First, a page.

Friday, May 10, 2013

Roethke "birthday party" to include a poetry slam champion, poet who created 28 imaginary people

by janet i. martineau

It’s time to celebrate Theodore Roethke’s 105th birthday!

The Friends of Theodore Roethke, who own and operate the Pulitizer-winning poet’s boyhood home at 1805 Gratiot in Saginaw, annually celebrate his May 25 birth day with special events.

This year they take place on two days, Friday and Saturday, May 17 and 18.

On May 17 the offerings, free except for the evening dinner, are: 

-- Afternoon school visits by invited poets to share their poetry with Saginaw students.

Arra Lynn Ross
-- 2-4pm, “Reading Roethke” at Roethke’s childhood home, 1805 Gratiot. Poet Rosie King, a Saginaw native now living in California, will oversee the reading of works from Roethke’s collected that deal with his childhood, nature, his struggles and the family’s greenhouse business.

-- 4:30-5:30pm, “Reading Roethke” continues at Roethke’s grave, Oakwood Cemetery, Gratiot at Midland Roads.

-- 6pm, Group dinner at Sullivan’s.  Individual checks.

On Saturday, May 18, Roethke poet-in-residence Arra Lynn Ross will offer a writing workshop from 10am-noon at the Roethke House. The cost is $12.  Reservations are required by calling  989-928-0430 or

Ross is a Saginaw Valley State University creative writing  professor and an author.

She grew up on a communal farm in Minnesota and received her doctorate degree in creative writing from the University of Nebraska-Lincoln.

Her work has appeared in Spoon River Poetry Review, Hayden's Ferry, Beloit Poetry Journal and Alimentum. Ross's poems have also been featured on Verse Daily and the Academy of American Poets' Poem-a-Day. “Seedlip and Sweet Apple” is her first book. 

The rest of Saturday’s  events take place at the  Andersen Enrichment Center, 120 Ezra Rust in Saginaw, and are free unless otherwise noted.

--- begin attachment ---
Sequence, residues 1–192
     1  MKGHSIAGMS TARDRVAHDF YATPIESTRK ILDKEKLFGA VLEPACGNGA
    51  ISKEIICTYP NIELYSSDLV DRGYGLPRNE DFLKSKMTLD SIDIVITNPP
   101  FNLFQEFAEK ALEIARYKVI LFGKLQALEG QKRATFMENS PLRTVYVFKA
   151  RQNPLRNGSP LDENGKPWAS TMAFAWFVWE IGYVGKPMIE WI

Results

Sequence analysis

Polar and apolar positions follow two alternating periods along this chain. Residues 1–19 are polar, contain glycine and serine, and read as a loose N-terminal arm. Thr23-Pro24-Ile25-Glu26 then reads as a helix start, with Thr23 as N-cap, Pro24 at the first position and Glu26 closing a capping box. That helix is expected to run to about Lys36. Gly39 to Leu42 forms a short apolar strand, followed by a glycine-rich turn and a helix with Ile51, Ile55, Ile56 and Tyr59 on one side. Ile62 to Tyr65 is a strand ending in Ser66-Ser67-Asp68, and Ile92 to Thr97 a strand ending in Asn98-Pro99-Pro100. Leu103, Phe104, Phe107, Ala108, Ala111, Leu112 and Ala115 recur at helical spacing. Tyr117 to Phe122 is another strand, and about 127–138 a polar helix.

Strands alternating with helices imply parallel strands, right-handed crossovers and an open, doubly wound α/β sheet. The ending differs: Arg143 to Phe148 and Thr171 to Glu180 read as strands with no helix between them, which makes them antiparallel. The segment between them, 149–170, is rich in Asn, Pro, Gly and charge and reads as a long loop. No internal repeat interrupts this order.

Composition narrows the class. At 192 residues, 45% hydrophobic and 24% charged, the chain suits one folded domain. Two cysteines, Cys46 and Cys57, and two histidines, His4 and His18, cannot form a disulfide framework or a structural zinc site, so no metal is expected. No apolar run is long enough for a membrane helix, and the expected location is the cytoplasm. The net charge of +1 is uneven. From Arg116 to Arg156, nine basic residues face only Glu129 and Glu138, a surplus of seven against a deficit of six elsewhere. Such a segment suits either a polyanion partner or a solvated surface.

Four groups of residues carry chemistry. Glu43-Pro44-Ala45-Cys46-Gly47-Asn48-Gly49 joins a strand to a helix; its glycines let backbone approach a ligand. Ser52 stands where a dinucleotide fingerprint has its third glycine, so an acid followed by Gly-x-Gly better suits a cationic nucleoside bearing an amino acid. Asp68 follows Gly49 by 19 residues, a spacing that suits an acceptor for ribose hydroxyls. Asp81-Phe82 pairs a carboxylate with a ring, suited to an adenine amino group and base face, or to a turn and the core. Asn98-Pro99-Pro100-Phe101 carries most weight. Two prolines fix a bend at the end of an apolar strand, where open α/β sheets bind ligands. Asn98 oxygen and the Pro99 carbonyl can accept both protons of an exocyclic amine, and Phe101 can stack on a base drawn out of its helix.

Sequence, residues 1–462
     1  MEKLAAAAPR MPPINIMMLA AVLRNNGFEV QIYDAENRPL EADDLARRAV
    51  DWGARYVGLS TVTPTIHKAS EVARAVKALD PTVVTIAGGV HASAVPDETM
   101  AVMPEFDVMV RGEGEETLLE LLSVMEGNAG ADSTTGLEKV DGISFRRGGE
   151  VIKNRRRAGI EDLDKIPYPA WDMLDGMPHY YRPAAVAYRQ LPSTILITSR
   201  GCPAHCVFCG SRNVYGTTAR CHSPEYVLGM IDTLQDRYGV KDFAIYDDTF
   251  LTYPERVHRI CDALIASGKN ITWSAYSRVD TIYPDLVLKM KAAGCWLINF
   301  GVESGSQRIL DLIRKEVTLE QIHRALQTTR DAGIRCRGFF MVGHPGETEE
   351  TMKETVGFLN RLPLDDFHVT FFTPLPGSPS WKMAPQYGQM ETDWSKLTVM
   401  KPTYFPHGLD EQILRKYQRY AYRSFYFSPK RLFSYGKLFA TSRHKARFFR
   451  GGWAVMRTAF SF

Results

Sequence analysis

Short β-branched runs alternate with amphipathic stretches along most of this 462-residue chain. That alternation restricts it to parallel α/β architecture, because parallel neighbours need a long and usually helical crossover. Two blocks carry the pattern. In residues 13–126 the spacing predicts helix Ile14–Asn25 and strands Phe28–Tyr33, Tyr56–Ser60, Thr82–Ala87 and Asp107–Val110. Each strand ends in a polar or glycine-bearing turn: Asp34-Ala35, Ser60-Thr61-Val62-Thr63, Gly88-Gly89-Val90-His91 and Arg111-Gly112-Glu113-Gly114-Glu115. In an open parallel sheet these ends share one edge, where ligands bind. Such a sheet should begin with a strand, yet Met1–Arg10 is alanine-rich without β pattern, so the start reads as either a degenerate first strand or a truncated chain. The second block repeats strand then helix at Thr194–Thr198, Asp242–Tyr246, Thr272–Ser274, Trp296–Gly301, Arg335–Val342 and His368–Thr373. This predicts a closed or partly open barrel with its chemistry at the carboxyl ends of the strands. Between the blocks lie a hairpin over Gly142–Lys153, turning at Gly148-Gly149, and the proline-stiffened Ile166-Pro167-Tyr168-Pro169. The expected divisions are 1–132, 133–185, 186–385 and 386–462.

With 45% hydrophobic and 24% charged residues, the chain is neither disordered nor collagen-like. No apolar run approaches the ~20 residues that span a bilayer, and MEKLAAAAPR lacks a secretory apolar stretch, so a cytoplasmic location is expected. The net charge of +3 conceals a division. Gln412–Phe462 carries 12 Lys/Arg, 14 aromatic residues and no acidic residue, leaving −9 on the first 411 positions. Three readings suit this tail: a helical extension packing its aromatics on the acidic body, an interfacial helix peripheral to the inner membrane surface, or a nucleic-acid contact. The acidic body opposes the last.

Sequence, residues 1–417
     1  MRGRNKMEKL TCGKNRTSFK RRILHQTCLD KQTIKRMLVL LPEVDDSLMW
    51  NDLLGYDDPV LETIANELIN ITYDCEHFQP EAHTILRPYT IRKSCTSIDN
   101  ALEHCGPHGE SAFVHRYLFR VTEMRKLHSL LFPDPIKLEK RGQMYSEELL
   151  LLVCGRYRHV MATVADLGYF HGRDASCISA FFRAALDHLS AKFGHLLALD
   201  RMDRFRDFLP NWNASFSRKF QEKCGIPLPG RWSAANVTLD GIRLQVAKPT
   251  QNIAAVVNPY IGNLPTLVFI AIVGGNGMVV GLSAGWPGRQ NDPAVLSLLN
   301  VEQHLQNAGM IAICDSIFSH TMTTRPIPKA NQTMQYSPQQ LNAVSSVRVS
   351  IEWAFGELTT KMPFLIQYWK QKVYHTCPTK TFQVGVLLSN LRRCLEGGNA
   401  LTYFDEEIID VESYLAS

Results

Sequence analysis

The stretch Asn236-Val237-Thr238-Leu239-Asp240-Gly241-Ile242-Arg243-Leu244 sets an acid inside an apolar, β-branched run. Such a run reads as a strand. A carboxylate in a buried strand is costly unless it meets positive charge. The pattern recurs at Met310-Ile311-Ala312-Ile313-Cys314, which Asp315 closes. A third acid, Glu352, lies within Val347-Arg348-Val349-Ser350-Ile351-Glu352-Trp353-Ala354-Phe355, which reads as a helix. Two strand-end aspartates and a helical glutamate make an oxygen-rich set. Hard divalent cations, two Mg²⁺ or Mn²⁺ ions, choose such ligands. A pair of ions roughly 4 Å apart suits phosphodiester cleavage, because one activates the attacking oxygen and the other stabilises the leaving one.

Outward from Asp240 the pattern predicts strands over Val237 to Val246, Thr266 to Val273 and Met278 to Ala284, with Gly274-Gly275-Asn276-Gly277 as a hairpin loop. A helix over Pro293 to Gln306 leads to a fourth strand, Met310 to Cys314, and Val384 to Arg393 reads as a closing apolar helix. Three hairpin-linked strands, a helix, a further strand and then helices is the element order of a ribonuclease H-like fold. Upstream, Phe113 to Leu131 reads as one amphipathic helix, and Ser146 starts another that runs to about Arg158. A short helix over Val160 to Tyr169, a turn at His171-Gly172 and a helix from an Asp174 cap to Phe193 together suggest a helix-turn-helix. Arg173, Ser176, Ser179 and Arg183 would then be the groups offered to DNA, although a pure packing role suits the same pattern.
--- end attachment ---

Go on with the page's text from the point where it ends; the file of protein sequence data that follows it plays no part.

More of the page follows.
Jamaal May
-- 2-4pm, invited poets Jamaal May, Cindy Morgan Hunter and Stephanie  M. Glazier read from their works, with Roethke poems read in between each poet  by members of the River Junction Poets. 

May, who lives in Detroit, has been a finalist at several national and international poetry slams,  is a three-time Rustbelt Regional Slam champion and has been a member of six national poetry slam teams.

His 2013 book “Hum” won the Beatrice Hawley Award and his poems have been published in Poetry, Ploughshares, Kenyon Review, Blackbird, Michigan Quarterly Review, Gulf Coast, The Believer and New England Review.

Hunter lives in East Lansing and teaches creative writing at Michigan State University. Her chapbook “The Sultan, The Skater, The Bicycle Maker,” featuring  28 imaginary people, won The Ledge Press 2011 Poetry Chapbook Award. And her  “Apple Season,” dealing with her relationship with her grandmother and a place they shared,  won the Midwest Writing Center's 2012 Chapbook Contest.
Cindy Morgan Hunter

Other Hunter poems have appear in A cappella Zoo, Bateau, The Christian Science Monitor, Sugar House Review, Weave and West Branch. 

Glazier is the acting director for Michigan State University’s  Center for Poetry, where she coordinates poetry events on campus and in East Lansing schools.

May and Hunter will have their books and chapbooks on sale.

-- 2-5pm, display of student art illustrations of Roethke’s “Dirty Dinky and Other Creatures.”  Ice cream and cake on sale for $1.05 to match Roethke’s years.

-- 4:30pm, interpretations of Roethke’s “ Saginaw Song.” 

-- 5-5:30pm, cocktail party. Cash bar with limited beer and wine selections.

-- 5:30-5:45pm,  Friends of Theodore Roethke annual membership meeting (open to public).

-- 5:45-7pm, catered dinner from Jakes. Cost $30. Reservations required: 989-928-0430 or

-- 7-7:15pm,  music performance by violinist Nathan Bieber of Heritage High School and keyboard player Carson Waites of Frankenmuth High School. (They also will provide music during dinner.)

-- 7:15pm, poetry reading by 2013 Roethke poet-in-residence Arra Lynn Ross.

Roethke was born in 1906 and is a graduate of Arthur Hill High School and the University of Michigan. His father and uncle operated a massive greenhouse business in back of their homes at 1759 and 1805 Gratiot.

At the time of his death in 1963, at age 55, Roethke was teaching at the University of Washington in Seattle -- one of many colleges where he taught during his career.

He won the Pulitzer in 1953 for “The Waking,” one of nine books he authored. Today his poems are in virtually every student textbook in the world as well as in countless poetry anthologies. In 2012 he was one of 10 American poets honored by a U.S. Postal Service stamp.

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